One particularly common issue with legacy systems involves the tracking of historical data. While on this team, I found historical records that were being overwritten due to the way products were being manually entered into our system. This caused all of our historical data to be inaccurate—reflecting the details of currently stocked products rather than the products that were actually sold at that time. If you run into this type of issue, be sure to look into slowly changing dimensions and how historical records should be properly tracked over time in your database.
When collecting data for analysis, it’s important to keep the following things in mind.
When joining a successful company, it’s easy to assume all of the current ways of doing things are correct. However, when it comes to data, this is rarely the case.
There is always going to be something wrong or one thing that can be vastly improved. This process requires thoughtful exploration and thorough understanding of data systems—you never know where you will find gaps in peoples’ knowledge or systems. While this is especially true for internal applications, you also want to question third-party application data, as these data sources could also be set up in a way that’s not conducive to the business.
Main take away: Question everything, get differing opinions, and always try to improve what already exists!
I can’t tell you the number of times I assumed the numbers in a dashboard were correct or that a certain KPI definition was the best way of finding a certain metric, only to discover weeks later that the data was incorrect. When collecting data, you need to validate that data source in as many ways as possible. You can do this using various validation methods like comparing metrics to those on the UI, cross validating with a trusted external system, and comparing to common industry benchmarks.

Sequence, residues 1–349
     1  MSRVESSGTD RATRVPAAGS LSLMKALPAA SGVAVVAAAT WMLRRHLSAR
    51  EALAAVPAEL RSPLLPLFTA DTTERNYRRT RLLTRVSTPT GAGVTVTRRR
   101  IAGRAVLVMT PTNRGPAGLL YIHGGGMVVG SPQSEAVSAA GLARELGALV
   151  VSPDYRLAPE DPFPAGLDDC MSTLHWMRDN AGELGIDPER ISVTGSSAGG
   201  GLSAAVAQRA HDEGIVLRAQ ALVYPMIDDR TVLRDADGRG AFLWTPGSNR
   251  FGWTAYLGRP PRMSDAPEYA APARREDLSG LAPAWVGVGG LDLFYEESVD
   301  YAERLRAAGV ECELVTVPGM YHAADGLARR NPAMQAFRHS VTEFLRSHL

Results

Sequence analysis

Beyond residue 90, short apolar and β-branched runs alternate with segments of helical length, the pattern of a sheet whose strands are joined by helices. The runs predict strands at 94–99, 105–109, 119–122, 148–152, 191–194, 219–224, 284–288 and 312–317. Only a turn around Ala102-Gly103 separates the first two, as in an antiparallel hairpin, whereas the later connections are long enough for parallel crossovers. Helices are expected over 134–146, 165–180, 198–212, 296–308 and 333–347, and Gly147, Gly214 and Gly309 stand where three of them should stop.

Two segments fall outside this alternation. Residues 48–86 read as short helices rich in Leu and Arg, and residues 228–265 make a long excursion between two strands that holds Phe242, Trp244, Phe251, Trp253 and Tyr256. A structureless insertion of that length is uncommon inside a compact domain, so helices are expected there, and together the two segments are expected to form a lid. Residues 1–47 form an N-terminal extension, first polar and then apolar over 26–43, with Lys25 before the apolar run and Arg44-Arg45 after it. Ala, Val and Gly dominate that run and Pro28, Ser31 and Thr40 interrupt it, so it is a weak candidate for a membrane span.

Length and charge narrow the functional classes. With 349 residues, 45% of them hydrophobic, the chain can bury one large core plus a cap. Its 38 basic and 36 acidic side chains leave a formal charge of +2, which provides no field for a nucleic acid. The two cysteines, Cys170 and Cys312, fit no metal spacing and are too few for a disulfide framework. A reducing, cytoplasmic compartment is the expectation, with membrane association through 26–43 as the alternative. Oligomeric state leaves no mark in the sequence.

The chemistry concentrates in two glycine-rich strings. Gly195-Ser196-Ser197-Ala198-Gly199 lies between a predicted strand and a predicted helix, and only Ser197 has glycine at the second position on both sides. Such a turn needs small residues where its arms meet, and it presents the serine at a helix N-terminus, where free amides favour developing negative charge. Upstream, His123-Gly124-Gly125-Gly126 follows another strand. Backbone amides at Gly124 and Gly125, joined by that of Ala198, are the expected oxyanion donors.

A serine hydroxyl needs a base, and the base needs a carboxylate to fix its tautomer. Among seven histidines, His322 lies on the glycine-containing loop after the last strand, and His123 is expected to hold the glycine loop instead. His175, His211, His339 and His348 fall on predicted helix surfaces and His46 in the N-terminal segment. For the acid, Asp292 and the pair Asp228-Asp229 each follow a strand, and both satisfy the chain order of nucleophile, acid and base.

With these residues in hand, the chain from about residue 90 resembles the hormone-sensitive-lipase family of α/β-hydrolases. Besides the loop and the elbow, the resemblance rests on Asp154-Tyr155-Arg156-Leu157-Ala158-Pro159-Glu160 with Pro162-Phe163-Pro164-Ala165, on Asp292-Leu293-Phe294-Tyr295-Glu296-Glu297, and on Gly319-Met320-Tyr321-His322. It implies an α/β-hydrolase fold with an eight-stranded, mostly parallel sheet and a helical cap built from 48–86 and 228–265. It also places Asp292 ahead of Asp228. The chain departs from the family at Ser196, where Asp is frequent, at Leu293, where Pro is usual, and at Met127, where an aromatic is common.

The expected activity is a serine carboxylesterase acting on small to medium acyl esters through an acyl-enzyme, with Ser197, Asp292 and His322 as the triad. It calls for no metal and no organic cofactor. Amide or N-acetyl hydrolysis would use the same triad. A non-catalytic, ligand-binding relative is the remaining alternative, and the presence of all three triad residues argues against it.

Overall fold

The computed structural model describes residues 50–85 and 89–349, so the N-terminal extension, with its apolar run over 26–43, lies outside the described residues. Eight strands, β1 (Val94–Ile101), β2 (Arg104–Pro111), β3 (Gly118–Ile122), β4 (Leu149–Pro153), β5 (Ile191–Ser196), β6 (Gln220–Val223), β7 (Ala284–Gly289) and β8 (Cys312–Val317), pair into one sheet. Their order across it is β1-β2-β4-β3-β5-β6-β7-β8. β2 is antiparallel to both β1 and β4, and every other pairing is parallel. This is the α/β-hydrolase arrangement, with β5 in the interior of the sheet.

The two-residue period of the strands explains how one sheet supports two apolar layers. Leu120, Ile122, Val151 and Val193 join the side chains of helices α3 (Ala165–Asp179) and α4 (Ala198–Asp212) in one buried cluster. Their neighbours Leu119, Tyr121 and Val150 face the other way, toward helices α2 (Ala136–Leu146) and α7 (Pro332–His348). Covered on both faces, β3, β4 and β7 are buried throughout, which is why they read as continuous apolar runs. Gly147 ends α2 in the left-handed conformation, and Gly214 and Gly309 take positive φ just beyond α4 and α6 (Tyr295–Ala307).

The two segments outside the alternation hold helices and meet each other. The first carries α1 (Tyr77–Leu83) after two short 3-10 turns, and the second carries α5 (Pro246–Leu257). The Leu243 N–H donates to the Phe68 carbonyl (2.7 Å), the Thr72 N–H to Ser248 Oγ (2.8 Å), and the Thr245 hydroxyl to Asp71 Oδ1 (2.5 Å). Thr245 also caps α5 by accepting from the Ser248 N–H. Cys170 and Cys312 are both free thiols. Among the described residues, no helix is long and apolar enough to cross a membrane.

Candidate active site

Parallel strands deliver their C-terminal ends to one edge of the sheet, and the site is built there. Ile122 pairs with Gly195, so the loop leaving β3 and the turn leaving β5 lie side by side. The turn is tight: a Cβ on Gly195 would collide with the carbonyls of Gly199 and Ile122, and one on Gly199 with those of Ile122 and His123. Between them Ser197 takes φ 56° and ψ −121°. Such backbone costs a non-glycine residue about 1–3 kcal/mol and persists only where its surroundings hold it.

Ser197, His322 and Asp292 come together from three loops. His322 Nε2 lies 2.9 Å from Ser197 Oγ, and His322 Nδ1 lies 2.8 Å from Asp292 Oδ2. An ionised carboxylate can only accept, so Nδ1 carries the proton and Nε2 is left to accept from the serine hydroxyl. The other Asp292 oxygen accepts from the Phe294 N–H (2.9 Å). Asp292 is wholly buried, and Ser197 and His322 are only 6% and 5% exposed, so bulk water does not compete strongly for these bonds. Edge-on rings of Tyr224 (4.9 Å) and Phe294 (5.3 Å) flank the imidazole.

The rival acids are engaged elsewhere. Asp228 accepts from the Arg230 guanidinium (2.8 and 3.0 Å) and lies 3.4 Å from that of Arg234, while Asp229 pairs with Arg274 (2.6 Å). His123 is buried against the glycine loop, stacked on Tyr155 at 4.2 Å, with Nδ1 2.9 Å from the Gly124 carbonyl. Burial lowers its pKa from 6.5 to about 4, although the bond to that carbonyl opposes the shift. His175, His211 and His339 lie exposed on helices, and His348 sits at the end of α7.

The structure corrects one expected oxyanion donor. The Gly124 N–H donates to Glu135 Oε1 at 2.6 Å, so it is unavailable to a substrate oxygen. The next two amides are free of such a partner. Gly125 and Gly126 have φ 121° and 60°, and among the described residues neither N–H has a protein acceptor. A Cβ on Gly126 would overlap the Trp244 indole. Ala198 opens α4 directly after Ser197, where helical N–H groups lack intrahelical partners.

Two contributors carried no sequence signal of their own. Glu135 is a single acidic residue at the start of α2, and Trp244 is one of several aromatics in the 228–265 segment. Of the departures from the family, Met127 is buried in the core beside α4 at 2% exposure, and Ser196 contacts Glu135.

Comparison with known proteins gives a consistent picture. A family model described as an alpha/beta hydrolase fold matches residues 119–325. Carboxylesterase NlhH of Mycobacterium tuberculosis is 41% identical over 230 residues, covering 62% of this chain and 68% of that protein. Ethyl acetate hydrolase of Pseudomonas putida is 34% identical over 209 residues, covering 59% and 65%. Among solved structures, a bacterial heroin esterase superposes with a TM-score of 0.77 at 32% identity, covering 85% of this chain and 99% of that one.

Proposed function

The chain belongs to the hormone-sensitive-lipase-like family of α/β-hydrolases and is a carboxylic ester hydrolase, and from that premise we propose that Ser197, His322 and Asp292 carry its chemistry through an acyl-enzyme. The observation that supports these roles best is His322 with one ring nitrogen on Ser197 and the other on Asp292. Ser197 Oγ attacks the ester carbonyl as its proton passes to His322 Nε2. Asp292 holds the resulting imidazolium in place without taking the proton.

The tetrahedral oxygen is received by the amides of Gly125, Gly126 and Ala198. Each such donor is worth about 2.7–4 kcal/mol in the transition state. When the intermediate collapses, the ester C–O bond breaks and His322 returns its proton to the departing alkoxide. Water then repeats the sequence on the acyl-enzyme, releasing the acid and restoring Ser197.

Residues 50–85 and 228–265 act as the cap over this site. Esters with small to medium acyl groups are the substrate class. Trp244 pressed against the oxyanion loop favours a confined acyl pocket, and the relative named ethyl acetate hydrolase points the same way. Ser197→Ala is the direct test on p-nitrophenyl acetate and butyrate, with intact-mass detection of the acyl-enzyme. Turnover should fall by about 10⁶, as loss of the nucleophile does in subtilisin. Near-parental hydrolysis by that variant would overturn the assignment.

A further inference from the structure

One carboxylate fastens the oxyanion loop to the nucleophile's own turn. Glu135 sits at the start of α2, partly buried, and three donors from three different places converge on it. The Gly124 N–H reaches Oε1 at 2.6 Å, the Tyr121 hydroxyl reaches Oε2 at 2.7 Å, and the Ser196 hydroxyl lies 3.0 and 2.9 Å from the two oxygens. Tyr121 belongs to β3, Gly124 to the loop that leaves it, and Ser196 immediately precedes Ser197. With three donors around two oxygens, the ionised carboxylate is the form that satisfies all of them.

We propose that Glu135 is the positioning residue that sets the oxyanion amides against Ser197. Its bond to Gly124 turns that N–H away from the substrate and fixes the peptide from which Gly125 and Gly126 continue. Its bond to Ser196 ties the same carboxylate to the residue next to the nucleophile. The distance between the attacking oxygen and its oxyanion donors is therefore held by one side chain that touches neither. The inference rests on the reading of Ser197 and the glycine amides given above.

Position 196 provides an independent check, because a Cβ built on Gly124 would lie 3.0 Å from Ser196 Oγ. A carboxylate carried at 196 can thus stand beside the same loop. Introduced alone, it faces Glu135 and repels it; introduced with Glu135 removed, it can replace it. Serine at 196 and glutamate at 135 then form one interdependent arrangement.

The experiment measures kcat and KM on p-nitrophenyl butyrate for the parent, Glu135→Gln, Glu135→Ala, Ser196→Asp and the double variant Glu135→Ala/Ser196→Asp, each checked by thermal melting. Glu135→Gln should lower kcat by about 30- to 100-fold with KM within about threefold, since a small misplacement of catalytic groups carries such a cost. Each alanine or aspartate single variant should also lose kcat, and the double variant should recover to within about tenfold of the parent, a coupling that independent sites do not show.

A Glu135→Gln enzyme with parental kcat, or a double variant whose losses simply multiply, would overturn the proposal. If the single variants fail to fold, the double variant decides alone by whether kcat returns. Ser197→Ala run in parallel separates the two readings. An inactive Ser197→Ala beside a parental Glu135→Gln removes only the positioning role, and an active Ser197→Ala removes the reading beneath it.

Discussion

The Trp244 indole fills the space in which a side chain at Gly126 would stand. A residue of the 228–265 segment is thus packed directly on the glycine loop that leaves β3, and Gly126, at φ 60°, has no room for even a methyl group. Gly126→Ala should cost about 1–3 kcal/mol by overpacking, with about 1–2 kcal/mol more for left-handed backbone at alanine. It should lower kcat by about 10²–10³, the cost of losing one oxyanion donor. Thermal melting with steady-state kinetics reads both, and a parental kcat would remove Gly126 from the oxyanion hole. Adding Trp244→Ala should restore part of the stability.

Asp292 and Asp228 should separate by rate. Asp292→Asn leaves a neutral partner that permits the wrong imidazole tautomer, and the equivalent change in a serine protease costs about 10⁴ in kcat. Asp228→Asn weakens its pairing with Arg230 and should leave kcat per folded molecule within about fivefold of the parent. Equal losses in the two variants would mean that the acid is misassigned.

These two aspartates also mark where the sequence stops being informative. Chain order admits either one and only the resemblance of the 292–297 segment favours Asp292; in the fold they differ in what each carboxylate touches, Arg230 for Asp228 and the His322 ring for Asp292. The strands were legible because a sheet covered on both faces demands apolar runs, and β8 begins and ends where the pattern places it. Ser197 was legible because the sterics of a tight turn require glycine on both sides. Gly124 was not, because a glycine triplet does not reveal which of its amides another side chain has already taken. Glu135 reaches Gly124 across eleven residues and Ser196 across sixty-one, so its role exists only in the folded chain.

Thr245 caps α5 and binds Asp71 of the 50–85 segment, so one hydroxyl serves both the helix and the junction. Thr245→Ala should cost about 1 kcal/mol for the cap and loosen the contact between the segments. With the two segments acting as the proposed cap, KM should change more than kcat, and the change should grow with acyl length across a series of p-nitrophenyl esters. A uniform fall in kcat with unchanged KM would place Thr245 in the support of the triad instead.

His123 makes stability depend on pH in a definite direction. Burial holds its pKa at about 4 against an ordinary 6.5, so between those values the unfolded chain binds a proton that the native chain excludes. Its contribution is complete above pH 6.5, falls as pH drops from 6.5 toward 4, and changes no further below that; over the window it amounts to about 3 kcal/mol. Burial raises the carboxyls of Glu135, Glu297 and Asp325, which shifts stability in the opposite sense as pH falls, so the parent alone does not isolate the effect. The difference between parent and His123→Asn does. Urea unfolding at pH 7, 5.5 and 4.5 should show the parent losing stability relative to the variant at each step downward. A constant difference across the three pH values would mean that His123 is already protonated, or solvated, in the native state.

Don’t depend on a single data collection method. Validate new data sources against older, previously validated data sources. If KPIs vary across different sources, there is no true single source of truth. This will prove problematic for your entire analytics environment. It’s always best to fix these types of issues early on rather than when stakeholders are already reliant on a data source.
It’s also important to note that data collection itself can be the source of data integrity issues! Problems don’t always root in the data and transformation processes but the different methods used to collect the data or the data pipeline itself.
Main take away: Wherever possible, make sure you compare similar data sources to ensure they both deliver the same metric.
When collecting data, you also want to think about the grander purpose. You aren’t collecting data just to have it sit in your data warehouse—taking up precious resources and running up costs for the business. Data is supposed to be used to make better business decisions.
Whenever you collect a new data source, ask yourself, “How will this affect how the business makes decisions?” Answering this question will help you prioritize the most important aspects of the data. It will also lead you to validate your data in a way that makes the most sense.
The last thing you want to do is collect inaccurate data that leads stakeholders to make all of the wrong decisions. After all, “decisions based on bad data are just bad decisions that you don’t know about yet”. At the end of the day, you want to prioritize data collection methods that will have the most positive change on the business.
Main take away: Always keep the why in mind when collecting data. This will steer you down the right path.
When it comes to data engineering, the idea of data collection has quickly evolved. And it will only continue to evolve further! While traditional methods like surveys and questionnaires are still used in specific scenarios, they aren’t used as often as internal applications, third-party applications, web scraping services, and event tracking. Data collection in the context of data engineering is more than simply gathering data from different sources and ensuring it ends up in the data warehouse. It’s about guaranteeing this data is as accurate and reliable as possible—creating a single source of truth for analytics teams and their business stakeholders.
When it comes to data collection, data engineers need to focus on asking tons of questions, validating all of the data that they bring in, and thinking about it in the larger context of the business. When this is done properly, data collection becomes one of the most important steps in the data pipeline.
The best way to get the most business value out of the data collection process is by ensuring those data points and insights are available to you frontline decision makers. By allowing users to search data in natural language and drill down into Liveboards to find granular details and AI-powered insights, ThoughtSpot empower businesses to realize the value of their data. Start your 30-day free trial today, and put generative AI to work on your business data.